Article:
A Makakilo resident, Fanoga is married to Soana (maiden name Tupua), who grew up in Hawaii and graduated from Brigham Young-Hawaii.
“I saw myself as aggressive and tough and someone who did the things that we were told to do as players, playing with technique,” he said. “I hope to transfer those things to our players. We want them to be tough and aggressive. Right now, the kids — without pads — are catching it and understanding it. We had a mini camp (recently). They work hard and they want to do what’s right.”
2019 WAIANAE SEARIDERS AT A GLANCE
>> 2018 record and finish: 1-8 (1-4 OIA Open); Did not qualify for playoffs
>> Head coach Mike Fanoga’s staff:
— Garrett Hagin (offensive coordinator)
— Antonio Brown (co-offensive coordinator, receivers)
— Andy Tafiti (tight ends)
— Michael Ulufale (offensive line)
— Tyler Fabro (offensive line)
— Bernard Ramaila (linebackers)
— Mike Fanoga (defensive coordinator)
— Tau Salele (defensive line)
— Kainoa Evangelista (defensive line)
— Matt Murakawa (linebackers)
— Braeson Rosa (linebackers)
— Sasai Paogofie (safeties, special teams)
— Marcial Ayala (cornerbacks)
>> Honolulu Star-Advertiser All-State selections returning: None.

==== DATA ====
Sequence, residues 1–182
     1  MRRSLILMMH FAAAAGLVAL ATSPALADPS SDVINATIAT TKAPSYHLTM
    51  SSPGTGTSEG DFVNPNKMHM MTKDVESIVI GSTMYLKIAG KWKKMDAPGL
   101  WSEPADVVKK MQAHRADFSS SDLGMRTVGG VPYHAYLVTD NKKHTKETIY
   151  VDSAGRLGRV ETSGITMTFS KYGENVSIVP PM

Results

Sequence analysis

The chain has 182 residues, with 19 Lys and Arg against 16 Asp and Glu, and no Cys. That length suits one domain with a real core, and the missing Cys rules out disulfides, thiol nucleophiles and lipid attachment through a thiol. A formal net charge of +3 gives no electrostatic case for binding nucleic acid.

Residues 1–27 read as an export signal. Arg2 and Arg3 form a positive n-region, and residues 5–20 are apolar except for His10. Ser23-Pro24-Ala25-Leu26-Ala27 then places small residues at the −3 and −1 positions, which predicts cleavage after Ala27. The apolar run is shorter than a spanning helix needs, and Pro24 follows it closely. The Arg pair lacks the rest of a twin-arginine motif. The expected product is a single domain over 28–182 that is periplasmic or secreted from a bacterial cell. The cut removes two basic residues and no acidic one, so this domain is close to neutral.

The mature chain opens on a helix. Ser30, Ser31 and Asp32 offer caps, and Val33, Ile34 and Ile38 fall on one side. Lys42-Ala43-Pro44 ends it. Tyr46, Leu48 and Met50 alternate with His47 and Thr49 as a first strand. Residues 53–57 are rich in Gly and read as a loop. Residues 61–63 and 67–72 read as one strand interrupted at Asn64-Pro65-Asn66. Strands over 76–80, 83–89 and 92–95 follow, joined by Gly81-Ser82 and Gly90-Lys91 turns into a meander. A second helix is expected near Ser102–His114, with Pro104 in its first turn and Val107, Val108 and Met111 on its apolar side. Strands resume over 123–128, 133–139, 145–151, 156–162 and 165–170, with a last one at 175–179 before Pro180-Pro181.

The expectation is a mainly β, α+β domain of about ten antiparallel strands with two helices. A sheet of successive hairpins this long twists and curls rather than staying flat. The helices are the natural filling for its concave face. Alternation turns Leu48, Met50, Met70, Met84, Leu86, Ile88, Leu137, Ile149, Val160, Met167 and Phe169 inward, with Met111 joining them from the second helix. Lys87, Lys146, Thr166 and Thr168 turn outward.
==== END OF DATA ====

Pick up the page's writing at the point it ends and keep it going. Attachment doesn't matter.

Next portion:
>> Honolulu Star-Advertiser All-State selections lost to graduation: None.
>> Players with Division I FBS college offers: None.
>> 2019 key returnees: Titus Kahooilihala, Sr., OL, 6-6, 260; Adonis Puou, Sr., TE, 6-5, 205; Angus Ramaila, Sr., LB, 5-11, 225; Aramis Sotelo, Sr., DE, 6-1, 255; Sam Cook, Sr., S, 5-10, 190.
>> All-time state championships: None.
>> All-time Prep Bowl (1973-1998) championships: 4 (all D-I, including one co-championship* — 1973, 1977, 1978, *1980)
>> All-time OIA championships: 18 (all D-I — 1962, 1966, 1967, 1970, 1973, 1975, 1977, 1978, 1980, 1982, 1985, 1986, 1987, 1988, 1991, 1992, 1996, 1997)
>> 2019 conference: OIA Open
COMING NEXT IN “GLORY DAYS”:
Part Seven: Coach Bryson Carvalho and the Waipahu Marauders
Previously in the series:
>> Coach Darren Johnson and the 2019 Campbell Sabers
>> Coach John Hao and the 2019 Castle Knights
>> Coach Eddie Klaneski and the 2019 Damien Monarchs
>> Coach David Tautofi and the 2019 Kaimuki Bulldogs
>> Coach Kale Ane and the 2019 Punahou Buffanblu